This thesis has “face” validity but I just don’t think it’s true. Most people drive b/c it’s just easier, and people always gravitate to what is easiest.

Then again, I grew up 100 years ago, in a world that had NO, ZERO, NADA bike infra of any kind. We were happy to have a shoulder to ride on – the shoulders that later became bike lanes in many places.

I think that if you want to ride a bike in your neighborhood, you’ll find a way, unless you were conditioned to think that you must be 100% safe in all situations.

Rachel P
Rachel P
1 month ago
Reply to  Fred

I can definitely ride my bike in my neighborhood. The rub comes in when I want to go shopping, take my kids to get ice cream or go anywhere that’s not in a residential area. Once I want to go somewhere new, I’m bogged down in trying to find a new route, weighing pros and cons, and wondering “am I being irresponsible for trying to make this 1 mile trip by bike?”

I’m not in the dusty bike club, I ride almost every weekday to get my kids to school. But there are plenty of places I won’t go on a bike with them because it’s not worth the risk, which is personally disappointing and globally a disaster when you add up all the car trips that becomes.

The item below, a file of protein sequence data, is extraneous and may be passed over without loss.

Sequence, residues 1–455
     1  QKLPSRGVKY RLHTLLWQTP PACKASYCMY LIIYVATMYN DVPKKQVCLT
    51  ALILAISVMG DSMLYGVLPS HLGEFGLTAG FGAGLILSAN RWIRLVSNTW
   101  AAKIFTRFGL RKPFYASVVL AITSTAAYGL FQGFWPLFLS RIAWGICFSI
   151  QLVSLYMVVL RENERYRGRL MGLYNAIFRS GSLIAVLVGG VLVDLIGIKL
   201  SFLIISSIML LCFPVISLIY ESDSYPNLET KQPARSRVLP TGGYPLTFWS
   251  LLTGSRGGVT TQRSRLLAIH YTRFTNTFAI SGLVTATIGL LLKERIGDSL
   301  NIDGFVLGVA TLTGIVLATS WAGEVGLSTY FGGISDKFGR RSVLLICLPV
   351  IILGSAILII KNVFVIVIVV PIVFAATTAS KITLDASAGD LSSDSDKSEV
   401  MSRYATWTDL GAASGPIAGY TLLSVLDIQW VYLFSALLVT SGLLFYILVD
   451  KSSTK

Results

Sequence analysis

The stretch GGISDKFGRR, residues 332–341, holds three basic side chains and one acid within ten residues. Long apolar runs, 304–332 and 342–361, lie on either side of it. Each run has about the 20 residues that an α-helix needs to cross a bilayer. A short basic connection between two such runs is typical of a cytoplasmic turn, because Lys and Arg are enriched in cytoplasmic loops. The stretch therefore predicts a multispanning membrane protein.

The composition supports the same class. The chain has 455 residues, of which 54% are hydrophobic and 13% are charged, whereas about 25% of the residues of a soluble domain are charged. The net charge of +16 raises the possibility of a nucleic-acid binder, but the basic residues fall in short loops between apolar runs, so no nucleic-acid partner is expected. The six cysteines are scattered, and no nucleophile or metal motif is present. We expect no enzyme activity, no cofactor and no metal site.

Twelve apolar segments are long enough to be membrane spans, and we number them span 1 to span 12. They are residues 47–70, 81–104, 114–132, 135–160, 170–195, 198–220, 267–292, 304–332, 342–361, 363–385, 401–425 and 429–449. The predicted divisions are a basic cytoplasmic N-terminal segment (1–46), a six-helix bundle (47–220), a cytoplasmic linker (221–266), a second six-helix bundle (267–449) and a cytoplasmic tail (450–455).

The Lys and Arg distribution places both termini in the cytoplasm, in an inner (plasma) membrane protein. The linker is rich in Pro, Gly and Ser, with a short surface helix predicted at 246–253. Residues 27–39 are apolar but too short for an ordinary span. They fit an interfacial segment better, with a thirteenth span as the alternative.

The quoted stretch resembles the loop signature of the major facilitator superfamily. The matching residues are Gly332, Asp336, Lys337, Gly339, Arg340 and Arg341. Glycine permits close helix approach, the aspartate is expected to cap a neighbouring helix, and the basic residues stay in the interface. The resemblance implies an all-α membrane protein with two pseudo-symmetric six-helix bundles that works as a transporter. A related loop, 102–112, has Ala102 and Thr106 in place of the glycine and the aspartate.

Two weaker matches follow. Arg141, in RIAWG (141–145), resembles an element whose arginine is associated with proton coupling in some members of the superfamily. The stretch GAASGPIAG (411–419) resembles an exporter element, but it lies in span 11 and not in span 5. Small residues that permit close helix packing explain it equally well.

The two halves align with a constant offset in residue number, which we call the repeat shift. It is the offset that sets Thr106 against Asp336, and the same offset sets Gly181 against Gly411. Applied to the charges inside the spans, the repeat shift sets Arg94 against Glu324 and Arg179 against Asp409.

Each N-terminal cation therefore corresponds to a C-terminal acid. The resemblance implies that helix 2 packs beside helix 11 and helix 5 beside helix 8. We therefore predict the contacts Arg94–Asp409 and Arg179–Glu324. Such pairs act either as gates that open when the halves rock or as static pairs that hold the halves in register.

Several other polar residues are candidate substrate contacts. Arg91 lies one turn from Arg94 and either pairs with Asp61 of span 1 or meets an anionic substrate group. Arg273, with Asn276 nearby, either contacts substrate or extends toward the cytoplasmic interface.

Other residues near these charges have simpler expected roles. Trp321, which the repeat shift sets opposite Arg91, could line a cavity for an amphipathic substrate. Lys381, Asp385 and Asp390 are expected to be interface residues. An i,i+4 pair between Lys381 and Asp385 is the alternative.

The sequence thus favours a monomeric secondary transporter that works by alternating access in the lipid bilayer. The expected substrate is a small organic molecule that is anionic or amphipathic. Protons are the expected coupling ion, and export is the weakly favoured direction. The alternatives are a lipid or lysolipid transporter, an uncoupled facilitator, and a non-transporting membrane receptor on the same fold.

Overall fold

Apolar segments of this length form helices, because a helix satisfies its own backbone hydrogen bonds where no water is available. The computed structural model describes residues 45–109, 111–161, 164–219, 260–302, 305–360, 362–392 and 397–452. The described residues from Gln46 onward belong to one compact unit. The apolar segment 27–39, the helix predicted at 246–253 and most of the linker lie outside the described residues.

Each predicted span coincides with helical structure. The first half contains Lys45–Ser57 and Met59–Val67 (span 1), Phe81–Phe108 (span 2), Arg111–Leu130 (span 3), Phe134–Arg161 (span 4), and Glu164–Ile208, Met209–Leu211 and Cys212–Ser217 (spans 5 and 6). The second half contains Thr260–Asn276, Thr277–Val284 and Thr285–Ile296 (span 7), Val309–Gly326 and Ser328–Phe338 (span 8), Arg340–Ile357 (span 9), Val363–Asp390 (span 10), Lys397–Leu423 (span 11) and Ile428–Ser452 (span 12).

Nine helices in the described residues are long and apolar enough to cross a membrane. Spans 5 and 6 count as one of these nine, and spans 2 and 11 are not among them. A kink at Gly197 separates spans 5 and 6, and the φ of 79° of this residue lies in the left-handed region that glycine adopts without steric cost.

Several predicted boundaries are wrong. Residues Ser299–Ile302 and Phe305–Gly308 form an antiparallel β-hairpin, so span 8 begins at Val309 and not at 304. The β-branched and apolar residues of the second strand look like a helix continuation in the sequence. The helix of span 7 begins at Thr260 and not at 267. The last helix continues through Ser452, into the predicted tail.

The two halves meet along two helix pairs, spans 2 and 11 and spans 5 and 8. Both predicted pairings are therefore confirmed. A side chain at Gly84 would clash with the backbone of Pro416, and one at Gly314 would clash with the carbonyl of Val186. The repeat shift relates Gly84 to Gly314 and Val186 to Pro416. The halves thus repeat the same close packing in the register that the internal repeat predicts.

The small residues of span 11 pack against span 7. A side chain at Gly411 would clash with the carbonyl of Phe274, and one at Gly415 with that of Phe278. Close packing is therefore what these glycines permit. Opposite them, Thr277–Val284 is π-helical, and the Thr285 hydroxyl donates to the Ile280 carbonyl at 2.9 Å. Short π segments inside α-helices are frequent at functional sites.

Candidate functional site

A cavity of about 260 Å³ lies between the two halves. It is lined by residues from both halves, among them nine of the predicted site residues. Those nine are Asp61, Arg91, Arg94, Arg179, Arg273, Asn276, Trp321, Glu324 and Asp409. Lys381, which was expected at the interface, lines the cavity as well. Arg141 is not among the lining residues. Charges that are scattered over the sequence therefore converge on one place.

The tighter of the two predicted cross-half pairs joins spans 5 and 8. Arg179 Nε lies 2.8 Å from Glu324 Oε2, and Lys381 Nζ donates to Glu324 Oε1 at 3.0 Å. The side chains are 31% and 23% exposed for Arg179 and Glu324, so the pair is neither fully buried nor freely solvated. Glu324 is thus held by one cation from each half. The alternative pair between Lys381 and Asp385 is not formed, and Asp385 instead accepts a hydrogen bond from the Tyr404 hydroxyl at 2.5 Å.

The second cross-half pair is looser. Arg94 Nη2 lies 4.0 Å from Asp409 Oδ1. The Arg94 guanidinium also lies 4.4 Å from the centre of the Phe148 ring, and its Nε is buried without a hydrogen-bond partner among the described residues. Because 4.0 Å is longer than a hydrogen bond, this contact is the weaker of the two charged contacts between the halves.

Tina Ricks (Contributor)
Tina Ricks
1 month ago
Reply to  Rachel P

Agreed! I bike in a lot of places, and I locate convoluted not-direct routes to get from place to place, because the route I’d normally drive is just too terrifying on a bike. So we end up with driving as the default, even for short trips, because biking just isn’t safe.

Art Lewellan
Art Lewellan
1 month ago
Reply to  Tina Ricks

I hope you don’t mind my replies. I’d like to try a traffic calming device.
Experimentally at first but if it works it could remain in place and hopefully tried elsewhere with many successful re-ordering of (5) stoplight intersections along a 1-mile busy traffic corridor street. TACTIC:
Switch stoplights to 4-way Flashing Red with adequate signage to direct motorists more carefully to a stop & proceed. Hope you like my idear heer.

Tina Ricks (Contributor)
Tina Ricks
1 month ago
Reply to  Fred

Cars are generally 100% safe in most situations. Making biking an easier option would entice more people who are currently not comfortable riding in a lot of places in and around Beaverton. Because we didn’t have good bike infrastructure in the past doesn’t mean we shouldn’t have it in the future.

Art Lewellan
Art Lewellan
1 month ago
Reply to  Tina Ricks